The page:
What's the Best Part of Acquisitions Incorporated?

To answer the question posed by the title: the adventure, "The Orrery of the Wanderer." Why? Read on.

Last week, we asked you where you would set up your very own Acquisitions Incorporated franchise. This week—on the day of the Acquisitions Incorporated book’s launch, no less—we take a brief glimpse at how you might run an Acq Inc-focused adventure. But first, a quick look at the book itself.

Should You Get This Book?

A lot of people have asked if this book is worth owning if they aren’t a fan of Acq Inc. As for me, I love the Acquisitions Incorporated live shows and try to attend them every PAX. I’ve seen far too little of The “C” Team than I ought, but I’ve enjoyed everything I’ve seen. I probably wouldn’t start an Acquisitions Incorporated game in my home campaign; I’m not a big fan of ruthless corporatism, even in parody. But I’m still 100% going to get a hardcover copy on this book. (In addition to my digital copy on D&D Beyond; I work here, ya know?)

Between the Company Positions, the downtime activities associated with building your franchise, and the adventure itself (more on all these later), this book is an amazing cornerstone for any campaign in which the player characters want to create their own adventuring company. If you find the lighthearted tone of Acq Inc off-putting, you may have to do a little bit more legwork to extract the humor and cheer, but the amount of Wizards-edited design and lovingly crafted mechanics already in this book.

Plus, it’s got new monsters and spells. What’s not to like?

The Adventure: The Orrery of the Wanderer

“The Orrery of the Wanderer” is an adventure that takes adventurers from 1st- to 7th-level on a journey that spans much of the Sword Coast of Faerûn. That’s a bit dry, isn’t it? Those are the plain facts. The real meat of this adventure is much juicier.

The real joy of “The Orrery of the Wanderer,” is that it synthesizes all of the other "best parts" of this book into one complete package. It hurls a group of adventurers with more ambition than sense into an adventure filled with discovery and acquisitions. It makes ample use of D&D’s oft-overlooked Downtime rules, and the unique downtime activities required to run a successful Acq Inc franchise. It gives every adventurer in the party opportunity to use their unique Company Positions—a new character option that defines your role in your franchise, much like your class defines your role in your adventuring party, or your background defines your backstory. The Company Positions, my favorite discrete part of this book, are used to perfection, as are the downtime activities. "The Orrery of the Wanderer" integrates all of these new aspects so seamlessly into its story experience, it almost makes me wonder why something like this wasn't part of D&D since its inception.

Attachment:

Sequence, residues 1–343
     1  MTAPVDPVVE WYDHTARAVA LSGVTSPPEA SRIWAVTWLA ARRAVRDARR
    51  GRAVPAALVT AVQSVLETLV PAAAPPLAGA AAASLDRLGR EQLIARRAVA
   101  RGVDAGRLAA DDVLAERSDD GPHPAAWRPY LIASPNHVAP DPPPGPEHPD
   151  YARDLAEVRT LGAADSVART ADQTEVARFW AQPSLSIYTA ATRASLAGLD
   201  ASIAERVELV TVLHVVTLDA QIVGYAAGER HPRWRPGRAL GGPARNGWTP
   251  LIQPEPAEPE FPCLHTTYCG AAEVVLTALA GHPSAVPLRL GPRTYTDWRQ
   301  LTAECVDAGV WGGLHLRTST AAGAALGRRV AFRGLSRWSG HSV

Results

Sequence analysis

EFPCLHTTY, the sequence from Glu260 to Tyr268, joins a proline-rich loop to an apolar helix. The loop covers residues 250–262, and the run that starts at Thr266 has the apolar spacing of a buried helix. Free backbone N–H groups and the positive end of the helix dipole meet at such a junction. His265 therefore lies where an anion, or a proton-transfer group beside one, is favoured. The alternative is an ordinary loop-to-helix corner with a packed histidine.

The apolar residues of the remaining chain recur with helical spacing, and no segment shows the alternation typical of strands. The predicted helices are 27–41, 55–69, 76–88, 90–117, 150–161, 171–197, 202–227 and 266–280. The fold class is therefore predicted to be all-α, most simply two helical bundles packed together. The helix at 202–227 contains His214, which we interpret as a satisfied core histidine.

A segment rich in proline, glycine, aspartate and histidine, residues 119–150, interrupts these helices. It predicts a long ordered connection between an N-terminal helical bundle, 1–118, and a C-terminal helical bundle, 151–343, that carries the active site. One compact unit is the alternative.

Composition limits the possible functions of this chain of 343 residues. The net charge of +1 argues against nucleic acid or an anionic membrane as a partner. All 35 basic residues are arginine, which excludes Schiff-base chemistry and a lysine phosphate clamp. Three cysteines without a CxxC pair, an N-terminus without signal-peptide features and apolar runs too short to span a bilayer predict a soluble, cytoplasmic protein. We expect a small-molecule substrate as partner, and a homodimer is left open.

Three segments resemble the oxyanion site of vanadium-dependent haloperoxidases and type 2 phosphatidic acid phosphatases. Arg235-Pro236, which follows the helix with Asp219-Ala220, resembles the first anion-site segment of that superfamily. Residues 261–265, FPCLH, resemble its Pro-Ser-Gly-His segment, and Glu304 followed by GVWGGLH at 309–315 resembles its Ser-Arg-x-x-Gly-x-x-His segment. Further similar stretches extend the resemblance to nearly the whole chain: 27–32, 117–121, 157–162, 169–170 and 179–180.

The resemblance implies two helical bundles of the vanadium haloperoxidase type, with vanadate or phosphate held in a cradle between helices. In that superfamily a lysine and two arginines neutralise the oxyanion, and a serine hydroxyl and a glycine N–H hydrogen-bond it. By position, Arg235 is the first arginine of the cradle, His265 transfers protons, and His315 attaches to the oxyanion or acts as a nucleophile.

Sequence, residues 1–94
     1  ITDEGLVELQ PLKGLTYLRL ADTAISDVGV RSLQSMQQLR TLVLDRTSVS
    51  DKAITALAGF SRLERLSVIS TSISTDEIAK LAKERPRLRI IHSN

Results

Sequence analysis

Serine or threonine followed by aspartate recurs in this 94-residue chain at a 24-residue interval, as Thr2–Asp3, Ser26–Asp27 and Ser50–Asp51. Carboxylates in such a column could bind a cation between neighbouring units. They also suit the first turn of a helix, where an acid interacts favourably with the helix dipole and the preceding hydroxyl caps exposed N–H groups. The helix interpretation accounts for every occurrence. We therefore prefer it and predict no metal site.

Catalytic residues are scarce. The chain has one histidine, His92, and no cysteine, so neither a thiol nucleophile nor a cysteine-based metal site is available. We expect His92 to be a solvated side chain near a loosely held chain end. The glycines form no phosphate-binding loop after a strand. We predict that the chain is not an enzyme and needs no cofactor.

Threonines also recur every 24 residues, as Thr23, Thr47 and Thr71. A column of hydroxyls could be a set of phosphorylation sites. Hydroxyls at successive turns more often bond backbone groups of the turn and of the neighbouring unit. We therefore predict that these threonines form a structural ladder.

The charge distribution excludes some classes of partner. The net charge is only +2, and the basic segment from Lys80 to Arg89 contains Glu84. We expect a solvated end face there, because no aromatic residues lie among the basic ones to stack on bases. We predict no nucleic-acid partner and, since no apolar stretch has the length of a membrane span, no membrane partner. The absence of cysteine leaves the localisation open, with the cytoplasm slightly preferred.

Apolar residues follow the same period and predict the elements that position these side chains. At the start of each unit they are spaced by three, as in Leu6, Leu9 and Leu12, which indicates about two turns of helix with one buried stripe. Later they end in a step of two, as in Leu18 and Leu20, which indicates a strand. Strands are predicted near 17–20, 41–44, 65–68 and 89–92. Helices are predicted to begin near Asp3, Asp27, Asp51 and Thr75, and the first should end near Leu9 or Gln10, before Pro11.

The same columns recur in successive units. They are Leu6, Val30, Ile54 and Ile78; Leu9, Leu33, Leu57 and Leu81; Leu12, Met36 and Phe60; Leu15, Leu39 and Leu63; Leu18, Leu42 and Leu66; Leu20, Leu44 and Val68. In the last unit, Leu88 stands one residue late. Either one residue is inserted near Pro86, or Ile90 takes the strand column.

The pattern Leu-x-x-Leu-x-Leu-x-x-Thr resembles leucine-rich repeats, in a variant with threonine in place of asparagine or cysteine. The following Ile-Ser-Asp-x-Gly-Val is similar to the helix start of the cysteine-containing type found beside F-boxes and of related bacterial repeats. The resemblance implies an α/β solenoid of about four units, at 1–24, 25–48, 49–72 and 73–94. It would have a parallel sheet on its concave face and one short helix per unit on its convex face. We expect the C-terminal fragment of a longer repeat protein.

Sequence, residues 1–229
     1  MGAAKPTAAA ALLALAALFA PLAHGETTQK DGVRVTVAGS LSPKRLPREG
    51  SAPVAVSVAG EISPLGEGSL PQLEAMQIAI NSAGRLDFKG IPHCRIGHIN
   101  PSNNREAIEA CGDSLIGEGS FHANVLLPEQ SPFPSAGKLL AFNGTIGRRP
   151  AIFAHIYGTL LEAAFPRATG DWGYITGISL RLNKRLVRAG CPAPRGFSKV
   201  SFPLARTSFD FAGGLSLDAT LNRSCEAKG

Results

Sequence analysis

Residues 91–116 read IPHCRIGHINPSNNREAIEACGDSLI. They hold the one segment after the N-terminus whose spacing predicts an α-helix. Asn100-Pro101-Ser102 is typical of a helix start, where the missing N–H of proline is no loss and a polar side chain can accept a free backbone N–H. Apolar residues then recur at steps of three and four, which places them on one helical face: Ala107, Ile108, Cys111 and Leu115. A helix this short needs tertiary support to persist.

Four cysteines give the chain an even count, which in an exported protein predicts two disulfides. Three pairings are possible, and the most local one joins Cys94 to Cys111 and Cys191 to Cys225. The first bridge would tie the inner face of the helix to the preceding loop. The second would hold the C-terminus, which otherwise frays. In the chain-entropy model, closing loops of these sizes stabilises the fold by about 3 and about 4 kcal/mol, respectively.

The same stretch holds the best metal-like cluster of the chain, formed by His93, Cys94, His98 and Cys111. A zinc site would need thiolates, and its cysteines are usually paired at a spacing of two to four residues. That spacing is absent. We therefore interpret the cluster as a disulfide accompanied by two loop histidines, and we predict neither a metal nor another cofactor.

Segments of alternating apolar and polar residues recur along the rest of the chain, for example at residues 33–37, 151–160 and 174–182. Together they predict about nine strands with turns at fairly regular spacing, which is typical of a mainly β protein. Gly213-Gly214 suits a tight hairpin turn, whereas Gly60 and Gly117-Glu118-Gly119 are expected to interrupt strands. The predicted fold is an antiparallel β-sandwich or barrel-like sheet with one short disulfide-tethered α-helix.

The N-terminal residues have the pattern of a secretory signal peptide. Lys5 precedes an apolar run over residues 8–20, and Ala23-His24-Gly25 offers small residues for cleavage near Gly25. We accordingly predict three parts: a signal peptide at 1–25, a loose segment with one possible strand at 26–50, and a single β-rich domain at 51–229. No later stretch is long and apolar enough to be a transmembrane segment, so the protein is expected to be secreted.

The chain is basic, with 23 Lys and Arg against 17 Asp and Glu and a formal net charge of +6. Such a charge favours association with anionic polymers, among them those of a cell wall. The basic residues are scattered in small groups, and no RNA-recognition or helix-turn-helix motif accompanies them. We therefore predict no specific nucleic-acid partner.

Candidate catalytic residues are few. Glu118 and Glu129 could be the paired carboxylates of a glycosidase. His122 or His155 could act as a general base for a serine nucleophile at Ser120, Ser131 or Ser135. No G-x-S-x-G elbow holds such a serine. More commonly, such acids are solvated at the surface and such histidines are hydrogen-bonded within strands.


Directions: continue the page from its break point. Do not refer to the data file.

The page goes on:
And, maybe most importantly, it tells a compelling story that knows when to get out of the way. The joy of the Acquisitions Incorporated podcasts, live shows, and livestreams that this book was built upon live and die by the strengths of their characters. The relationships between Omin Dran and Jim Darkmagic, between Walnut Dankgrass and Brahma Lutier—and so on—are the core of these shows. “The Orrery of the Wanderer” gives the player characters plenty of open-ended opportunities to make this story their own. It is the origin story of their Acq Inc franchise, after all.

Learn more about Company Positions in Todd Kenreck's interview with Jerry Holkins and Elyssa Grant.

Be warned, non-Dungeon Masters: minor adventure spoilers abound from here on out.

What’s in this Adventure?

This adventure is actually quite appealing to me; it begins in Waterdeep, and in the Dock Ward, no less! My first impression that it was a sort of mirror-universe beginning to Waterdeep: Dragon Heist, and this book even calls out Dragon Heist for having more information on the city and its many wards. I think that an intrepid and inventive DM could very easily use these two books in tandem to create an adventure filled with both urban intrigue and grand fantasy exploration.

Without spoiling too much from here on out, this adventure begins feeling like something of a greatest hits of D&D fifth edition and the Forgotten Realms in general. There’s Waterdeep! Phandalin! Red Larch! Neverwinter! Luskan! And so on—but it never feels like the adventure is manipulating you with familiar names. Instead, players who were welcomed to fifth edition with the Starter Set and Lost Mines of Phandelver (or listened to the first arc of The Adventure Zone: Balance, or another podcast that played through Lost Mines), will feel like they’re returning home. And since they’re headed to Phandalin to check out another group of Acq Inc adventurers that have dropped off the grid, this could be the perfect place for a slick DM to drop references to PCs of Starter Set campaigns past to play on their nostalgia a little bit more.

Likewise, Acquisitions Incorporated fans who like the podcast just as much for its lore as for its comedy will be pleased to see factions like Dran Enterprises and other iconography like the Acq Inc Battle Baloon making triumphant appearances. Even when familiar elements aren’t at play, all of the NPCs in this adventure—be they significant or minor—all project the warmth, humor, and good-natured acidity that you’ve come to expect from Acq Inc.